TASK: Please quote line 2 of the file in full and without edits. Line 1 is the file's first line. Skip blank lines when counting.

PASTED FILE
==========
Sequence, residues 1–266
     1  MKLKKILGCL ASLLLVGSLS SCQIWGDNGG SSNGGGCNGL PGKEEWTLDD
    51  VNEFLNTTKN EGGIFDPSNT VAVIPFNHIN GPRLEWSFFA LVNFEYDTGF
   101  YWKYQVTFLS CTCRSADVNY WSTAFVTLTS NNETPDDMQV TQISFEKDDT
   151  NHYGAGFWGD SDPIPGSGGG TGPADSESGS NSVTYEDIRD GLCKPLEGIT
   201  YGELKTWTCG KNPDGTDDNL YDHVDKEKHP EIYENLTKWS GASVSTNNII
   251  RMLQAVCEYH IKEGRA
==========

     1  MKLKKILGCL ASLLLVGSLS SCQIWGDNGG SSNGGGCNGL PGKEEWTLDD